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Finally got around to ripping into my failed HCU today. Found the root cause for my failure. The spring behind one of the brushes is either broken or the channel is gunked up or something. When I push the rotor slightly away, it loses contact. Push it the other way and the other side brush will hold contact most of the way, but not entirely.

Someone who was inclined to do so could repair this themselves. The motor is easy to remove. The intermittent contact makes perfect sense with the dashboard disco and it's seemingly random dependency on bumps.

So, if you are tight on money and a little handy with DC electric motors or have a good starter/alternator shop nearby, this is certainly worth exploring. I totaled mine taking it apart, but it could be done more carefully and reassembled.


Free brush spring


Bound up brush spring


Brush with contact


"Brush" with no contact


Motor housing

View attachment 520270
Motor rotor


Pump plungers
You can see it has a really bad contact pattern.
 

Pat E

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1 - You can pull just the motor off while the rest stays attached to the truck (at least on a 2018 PW). It was actually very easy to get off. I would remove the plastic cover so you can see the two bolts you will remove (the three plastic retainers have a Phillips head screw that can be removed and then they pop right out - don't force and break one like I did).

2 - It takes a little bit of prying and wiggling of the three plastic tabs on the motor housing to separate the windings from the housing, but it does come apart pretty easily.

3 - The brush that was stuck on mine was the one that was oriented down (not sure if that is a 50/50 thing or an indication of dirt going with gravity and plugging it up).

4 - I cannot figure out how to pull the shaft out from the plastic housing. If I can, it will make cleaning the brushes much easier. Currently, after an hour of carb cleaner and WD-40, the one brush is still sticking.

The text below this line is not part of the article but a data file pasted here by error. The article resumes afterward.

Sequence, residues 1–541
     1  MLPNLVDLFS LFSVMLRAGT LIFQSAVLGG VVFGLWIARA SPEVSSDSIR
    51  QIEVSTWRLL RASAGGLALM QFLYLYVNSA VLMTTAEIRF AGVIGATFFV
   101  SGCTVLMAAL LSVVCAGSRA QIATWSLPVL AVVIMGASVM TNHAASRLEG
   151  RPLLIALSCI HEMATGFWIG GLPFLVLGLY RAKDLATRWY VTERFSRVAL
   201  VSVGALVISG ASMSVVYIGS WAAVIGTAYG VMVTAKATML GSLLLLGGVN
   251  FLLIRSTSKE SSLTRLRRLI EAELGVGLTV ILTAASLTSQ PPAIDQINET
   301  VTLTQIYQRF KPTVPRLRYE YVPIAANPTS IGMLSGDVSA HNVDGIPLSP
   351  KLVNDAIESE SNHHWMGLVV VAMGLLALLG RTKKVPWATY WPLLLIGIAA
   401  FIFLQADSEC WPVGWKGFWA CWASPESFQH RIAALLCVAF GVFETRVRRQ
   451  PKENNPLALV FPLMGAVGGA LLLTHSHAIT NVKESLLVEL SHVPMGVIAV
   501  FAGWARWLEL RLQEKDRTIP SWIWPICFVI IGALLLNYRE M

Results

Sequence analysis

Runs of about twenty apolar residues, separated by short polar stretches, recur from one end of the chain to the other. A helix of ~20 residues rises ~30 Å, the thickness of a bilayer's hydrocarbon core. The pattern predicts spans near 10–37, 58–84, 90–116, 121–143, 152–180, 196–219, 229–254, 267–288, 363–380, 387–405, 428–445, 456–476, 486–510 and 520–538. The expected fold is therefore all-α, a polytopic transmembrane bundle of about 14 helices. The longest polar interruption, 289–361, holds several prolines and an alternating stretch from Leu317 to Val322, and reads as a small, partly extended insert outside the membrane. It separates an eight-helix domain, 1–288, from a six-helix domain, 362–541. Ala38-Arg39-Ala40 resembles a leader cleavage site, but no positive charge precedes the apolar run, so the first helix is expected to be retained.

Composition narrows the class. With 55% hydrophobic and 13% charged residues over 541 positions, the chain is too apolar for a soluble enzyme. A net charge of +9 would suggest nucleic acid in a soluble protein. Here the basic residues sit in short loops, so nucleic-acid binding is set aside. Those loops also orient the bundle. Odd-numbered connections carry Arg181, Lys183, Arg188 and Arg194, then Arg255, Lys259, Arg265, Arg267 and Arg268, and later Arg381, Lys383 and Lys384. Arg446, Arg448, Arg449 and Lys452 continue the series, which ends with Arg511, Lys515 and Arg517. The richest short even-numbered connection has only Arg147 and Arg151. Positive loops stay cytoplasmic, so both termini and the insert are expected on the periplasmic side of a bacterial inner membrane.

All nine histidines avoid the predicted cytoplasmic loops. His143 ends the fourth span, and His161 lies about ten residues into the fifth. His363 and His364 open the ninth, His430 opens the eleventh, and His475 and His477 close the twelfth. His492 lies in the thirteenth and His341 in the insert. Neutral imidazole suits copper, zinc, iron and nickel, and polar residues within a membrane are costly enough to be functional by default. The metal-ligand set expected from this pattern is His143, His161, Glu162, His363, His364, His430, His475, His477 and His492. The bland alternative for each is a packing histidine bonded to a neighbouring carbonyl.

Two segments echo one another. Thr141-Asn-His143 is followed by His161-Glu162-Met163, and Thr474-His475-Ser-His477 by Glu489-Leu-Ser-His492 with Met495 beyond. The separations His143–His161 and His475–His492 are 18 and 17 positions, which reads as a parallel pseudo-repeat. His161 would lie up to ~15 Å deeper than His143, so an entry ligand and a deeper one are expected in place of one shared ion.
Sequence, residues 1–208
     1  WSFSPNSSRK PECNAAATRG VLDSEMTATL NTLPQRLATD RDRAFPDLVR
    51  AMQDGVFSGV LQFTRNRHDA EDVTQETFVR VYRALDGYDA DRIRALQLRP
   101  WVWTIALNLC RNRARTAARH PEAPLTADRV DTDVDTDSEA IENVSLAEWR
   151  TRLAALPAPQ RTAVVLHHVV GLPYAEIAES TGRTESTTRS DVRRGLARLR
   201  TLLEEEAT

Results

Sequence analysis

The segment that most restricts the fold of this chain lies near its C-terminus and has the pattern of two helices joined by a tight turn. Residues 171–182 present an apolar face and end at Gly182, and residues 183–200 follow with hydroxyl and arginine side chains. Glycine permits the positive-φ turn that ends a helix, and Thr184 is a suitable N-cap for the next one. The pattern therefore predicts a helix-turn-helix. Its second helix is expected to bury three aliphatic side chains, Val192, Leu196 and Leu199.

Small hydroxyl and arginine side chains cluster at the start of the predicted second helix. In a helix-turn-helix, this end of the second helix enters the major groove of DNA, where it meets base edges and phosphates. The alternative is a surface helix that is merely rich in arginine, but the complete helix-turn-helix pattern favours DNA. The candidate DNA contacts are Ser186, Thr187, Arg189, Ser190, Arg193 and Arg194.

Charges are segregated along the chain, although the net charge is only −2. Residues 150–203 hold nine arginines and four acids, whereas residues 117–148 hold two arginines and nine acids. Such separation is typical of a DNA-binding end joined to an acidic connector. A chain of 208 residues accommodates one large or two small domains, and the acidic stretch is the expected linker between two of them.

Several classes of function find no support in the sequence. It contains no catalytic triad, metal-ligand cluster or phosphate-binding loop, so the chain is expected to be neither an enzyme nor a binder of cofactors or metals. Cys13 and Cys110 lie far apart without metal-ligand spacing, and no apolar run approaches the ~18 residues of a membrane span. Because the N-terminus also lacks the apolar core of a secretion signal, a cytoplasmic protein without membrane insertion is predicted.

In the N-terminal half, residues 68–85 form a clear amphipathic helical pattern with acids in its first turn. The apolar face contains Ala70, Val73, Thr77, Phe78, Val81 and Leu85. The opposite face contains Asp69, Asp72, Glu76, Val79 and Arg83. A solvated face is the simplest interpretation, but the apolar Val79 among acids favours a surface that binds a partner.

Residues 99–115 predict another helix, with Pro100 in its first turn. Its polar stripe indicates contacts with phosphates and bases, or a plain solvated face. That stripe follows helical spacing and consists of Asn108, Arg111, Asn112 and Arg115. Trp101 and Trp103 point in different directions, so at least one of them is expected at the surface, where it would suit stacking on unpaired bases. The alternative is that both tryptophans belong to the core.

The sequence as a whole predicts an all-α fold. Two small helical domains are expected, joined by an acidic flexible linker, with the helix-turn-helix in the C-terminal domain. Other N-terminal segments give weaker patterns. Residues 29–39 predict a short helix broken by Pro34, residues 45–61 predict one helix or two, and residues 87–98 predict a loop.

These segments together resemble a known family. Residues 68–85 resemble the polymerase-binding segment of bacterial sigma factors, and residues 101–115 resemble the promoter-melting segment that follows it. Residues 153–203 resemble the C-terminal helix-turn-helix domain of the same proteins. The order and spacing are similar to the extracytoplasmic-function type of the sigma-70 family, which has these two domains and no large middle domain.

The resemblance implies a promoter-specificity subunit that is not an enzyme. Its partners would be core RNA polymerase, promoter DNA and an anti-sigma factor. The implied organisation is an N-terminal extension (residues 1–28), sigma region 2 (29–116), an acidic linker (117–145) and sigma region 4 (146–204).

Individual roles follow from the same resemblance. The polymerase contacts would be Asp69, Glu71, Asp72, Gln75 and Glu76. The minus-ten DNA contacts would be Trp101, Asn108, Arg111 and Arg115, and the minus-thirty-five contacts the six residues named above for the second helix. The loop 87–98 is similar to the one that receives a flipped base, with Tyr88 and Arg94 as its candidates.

5 - I'll report back how it all goes back together once the brush is fixed.
 
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Choupique

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It would be excellent to find out that the motor can be repaired this way. Could save people a lot of money.

It's so frustrating that the majority of problems with these horribly expensive vehicles could be fixed without replacing whole components or subsystems if the people had the information to do it, or if the dealers had the desire to do it. Outside of windowing engine blocks and splitting transmission cases, the majority of failures can be traced back to one individual very cheap component.
 

Pat E

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So I was able to make the repair, and so far so good.

This link on another forum also has a lot of good information and photos:


Couple of things:
1 - I came across some other posts that talked about drilling through the three dents in the motor housing to get it apart. DO NOT drill these. There is no need; they are there to hold the magnets in place. With a little bit of prying on the 3 plastic tabs with a small flathead screwdriver, you will get it started. As it starts to come apart, you will need to use a bigger flathead screwdriver. You will not have to beat on it to separate the housing from the windings, but it will take some finagling.

2 - As attempting to clean out and lube my stuck brush was getting me nowhere, I finally decided to very slightly spread apart the brass body where the brush rides, and that did the trick.